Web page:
There’s a large scale of possibilities. The question is: are you committed to the work of doing better?

Let the relationships value loom large in your mind, and you’ll slowly climb the scale. Where you end up is between you and G-d.

Just give it all you’ve got.

Some Things Are Eternal

Forty-six years ago, the late Prime Minister and Genral, Ariel Sharon, tragically lost his son Gur to a shooting accident. In response, the Rebbe – with whom he enjoyed a close relationship - sent him a condolence letter.

I excerpt here – using my own words - a thought contained in that letter, as we remember Arik and our own loved ones who have passed on through the years:

In Jewish tradition, when we visit a ‘Shiva house’ - where people are mourning the loss of a loved one - we wish the mourners the following blessing: “May you be comforted amongst the mourners over Zion and Jerusalem”.

You are speaking to someone who has recently experienced destruction in his/her life with the loss of someone dear, and yet you refer back to the destruction of the Holy Temple/Jewish Commonwealth two thousand years ago. Why?

Why do we mention a millennia-old collective tragedy? Why is that relevant to this person in pain?  What if he/she has never been to Israel and can’t relate to the destruction?

The Rebbe pointed out that Israel’s holy sites hold a very special place in our hearts (I personally just went across the world with a group of people to celebrate a Bar-Mitzvah at the Kotel).

Why do we travel to visit the Kotel? Because it’s special.

But why is it so special? After all, it’s merely a section of wall that surrounded the Temple Mount where the Temple stood, but that Temple is long gone. It’s a thing of the past. The glory was destroyed by the Babylonians and Romans thousands of years ago and all that remains is this lonely wall.

So why do we go there? In search of nostalgia?

The answer is that we believe the power of G-d’s presence still resonates at the Kotel. There is a living, pulsating Holiness which our enemies could not touch and certainly not destroy. The Romans could only demolish physical structures; they couldn’t impact the soul.

Similarly, we tell a mourner: We bury bodies, not souls. Just as Jews collectively believe in the continuity of Holiness at the Kotel (witness the huge numbers visiting there every year) , so must you believe in the continued existence of your loved one, a soul still vibrant and fresh.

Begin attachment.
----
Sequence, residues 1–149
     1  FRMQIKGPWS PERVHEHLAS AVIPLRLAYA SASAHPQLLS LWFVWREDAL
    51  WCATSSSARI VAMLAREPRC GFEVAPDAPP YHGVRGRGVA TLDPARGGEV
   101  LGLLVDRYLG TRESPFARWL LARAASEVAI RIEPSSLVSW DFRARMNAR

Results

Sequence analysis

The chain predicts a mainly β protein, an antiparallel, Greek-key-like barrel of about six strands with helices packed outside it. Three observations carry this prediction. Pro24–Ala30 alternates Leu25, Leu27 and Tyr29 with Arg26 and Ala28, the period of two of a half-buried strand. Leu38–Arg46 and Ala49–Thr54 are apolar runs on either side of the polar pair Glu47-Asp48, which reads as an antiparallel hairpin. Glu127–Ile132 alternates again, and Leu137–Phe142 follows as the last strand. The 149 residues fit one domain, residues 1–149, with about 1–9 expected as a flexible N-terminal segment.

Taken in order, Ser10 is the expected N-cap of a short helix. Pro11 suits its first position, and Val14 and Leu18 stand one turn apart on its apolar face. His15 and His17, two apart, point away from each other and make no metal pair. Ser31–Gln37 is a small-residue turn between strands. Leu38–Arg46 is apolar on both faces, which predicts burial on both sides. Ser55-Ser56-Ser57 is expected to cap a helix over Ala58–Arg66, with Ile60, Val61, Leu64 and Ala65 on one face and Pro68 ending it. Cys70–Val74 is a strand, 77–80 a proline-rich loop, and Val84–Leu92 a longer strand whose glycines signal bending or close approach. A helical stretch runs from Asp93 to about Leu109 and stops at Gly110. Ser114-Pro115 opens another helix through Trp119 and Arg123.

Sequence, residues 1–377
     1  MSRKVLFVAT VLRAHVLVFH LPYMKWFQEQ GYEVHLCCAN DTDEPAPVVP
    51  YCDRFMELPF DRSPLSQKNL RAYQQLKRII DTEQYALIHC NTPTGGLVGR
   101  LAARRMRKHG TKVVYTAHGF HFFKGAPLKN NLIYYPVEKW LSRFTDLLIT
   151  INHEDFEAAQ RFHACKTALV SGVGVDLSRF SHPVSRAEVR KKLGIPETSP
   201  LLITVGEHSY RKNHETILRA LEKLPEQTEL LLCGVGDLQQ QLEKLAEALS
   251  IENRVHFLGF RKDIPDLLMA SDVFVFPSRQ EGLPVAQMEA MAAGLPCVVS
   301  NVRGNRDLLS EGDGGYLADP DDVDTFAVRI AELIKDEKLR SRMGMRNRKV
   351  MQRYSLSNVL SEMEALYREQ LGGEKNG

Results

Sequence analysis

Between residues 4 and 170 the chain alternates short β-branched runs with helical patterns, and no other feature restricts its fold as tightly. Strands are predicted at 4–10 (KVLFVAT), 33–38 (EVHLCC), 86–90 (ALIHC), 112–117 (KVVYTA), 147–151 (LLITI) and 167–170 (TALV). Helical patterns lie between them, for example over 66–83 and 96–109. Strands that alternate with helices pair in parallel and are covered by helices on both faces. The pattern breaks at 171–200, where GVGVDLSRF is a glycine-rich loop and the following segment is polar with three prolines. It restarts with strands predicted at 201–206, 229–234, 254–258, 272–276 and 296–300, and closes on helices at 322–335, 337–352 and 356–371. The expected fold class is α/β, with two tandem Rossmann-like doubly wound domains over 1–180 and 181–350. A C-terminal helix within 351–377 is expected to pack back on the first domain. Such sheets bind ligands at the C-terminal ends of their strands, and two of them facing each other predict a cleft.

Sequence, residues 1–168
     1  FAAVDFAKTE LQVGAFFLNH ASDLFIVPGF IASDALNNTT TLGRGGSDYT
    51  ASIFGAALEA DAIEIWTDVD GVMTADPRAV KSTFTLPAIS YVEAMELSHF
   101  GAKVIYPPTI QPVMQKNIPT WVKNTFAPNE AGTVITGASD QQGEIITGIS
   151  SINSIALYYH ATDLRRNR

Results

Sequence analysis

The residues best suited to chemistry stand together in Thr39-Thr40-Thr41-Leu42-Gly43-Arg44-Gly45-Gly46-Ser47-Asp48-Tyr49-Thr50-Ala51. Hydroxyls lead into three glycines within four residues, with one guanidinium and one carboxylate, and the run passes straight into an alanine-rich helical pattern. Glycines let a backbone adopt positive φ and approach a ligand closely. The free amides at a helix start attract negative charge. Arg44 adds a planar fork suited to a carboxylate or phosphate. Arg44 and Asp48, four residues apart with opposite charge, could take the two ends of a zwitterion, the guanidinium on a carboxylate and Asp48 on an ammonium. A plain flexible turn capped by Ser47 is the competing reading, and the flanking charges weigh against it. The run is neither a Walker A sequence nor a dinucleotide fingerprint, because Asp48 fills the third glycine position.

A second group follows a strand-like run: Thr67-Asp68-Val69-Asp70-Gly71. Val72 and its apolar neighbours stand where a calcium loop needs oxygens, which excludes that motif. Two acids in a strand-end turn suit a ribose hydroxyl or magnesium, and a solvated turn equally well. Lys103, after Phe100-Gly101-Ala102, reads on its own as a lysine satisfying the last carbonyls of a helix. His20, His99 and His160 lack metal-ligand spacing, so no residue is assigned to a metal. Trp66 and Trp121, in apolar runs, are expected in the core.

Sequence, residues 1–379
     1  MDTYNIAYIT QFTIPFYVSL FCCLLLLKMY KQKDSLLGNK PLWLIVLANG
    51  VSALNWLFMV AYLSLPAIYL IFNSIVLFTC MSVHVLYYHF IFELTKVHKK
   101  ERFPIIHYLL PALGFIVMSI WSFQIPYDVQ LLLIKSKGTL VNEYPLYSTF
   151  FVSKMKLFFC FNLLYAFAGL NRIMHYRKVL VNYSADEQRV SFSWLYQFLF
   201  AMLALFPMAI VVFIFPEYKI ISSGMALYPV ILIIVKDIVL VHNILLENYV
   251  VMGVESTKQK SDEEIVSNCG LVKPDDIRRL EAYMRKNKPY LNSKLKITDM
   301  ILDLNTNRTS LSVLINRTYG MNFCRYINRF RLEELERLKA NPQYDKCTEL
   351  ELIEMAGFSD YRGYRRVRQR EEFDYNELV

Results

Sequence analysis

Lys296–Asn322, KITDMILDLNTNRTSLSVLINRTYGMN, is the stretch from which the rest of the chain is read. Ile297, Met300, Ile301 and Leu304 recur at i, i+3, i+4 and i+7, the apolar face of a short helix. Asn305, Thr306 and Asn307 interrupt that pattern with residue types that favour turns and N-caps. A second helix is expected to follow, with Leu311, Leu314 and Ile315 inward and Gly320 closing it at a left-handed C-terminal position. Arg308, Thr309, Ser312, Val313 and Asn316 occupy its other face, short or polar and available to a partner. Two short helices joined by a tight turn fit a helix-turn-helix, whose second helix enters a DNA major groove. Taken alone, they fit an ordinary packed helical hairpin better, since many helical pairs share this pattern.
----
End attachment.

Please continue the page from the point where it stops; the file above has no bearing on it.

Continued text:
Take heart, we say, in the experience of your history and people.

Death can’t touch a soul.

The relationship is forever.

Relationship with A Capital R

Relationships are the stuff of life.

They are the attachments we share.

Think of a relationship as a rope that joins two people. Each show of love, each demonstration of respect, adds another strand to this cable of connectedness, increasing its overall strength. Though individually miniscule, hundreds of threads woven together can create a rope that becomes more and more unbreakable.

Similarly, relationships reflect what we invest in them. Some are so weak that they are derailed by relatively minor incidents, and some so strong they can withstand a storm. It all depends on the strands.

But a parent’s love for a child would seem to be different; it seems to transcend the ‘relationship rope’ metaphor. Certainly, threads of positive interactions are critical to a healthy parent/child relationship, and a damaged ‘rope’ will make for a great challenge. At the same time, a parent/child relationship it isn’t only about the threads. It’s elemental; and it’s not something we can break.

No matter how frayed the ‘rope’, a healthy parent can never really divorce a child. A child is – biologically and spiritually – an extension of his/her parents.

The creator is fundamentally invested in the created.

This is important to remember when we think of our relationship with G-d. The Torah tells us that “G-d’s portion is His people; Jacob is the rope of His inheritance”. The Torah compares our relationship with G-d to a ‘rope’. Every time we honor our relationship with G-d, we express our soul identity and add a strand to the rope of connectedness.

But there’s something else in that verse: It says that we are G-d’s “portion”, we are each a piece of the Divine. Just like a parent never divorces a child, we can never be truly disconnected from our Divine Parent. We may go through some tumultuous times, and the rope may become quite compromised, G-d forbid. But the elemental relationship transcends it all.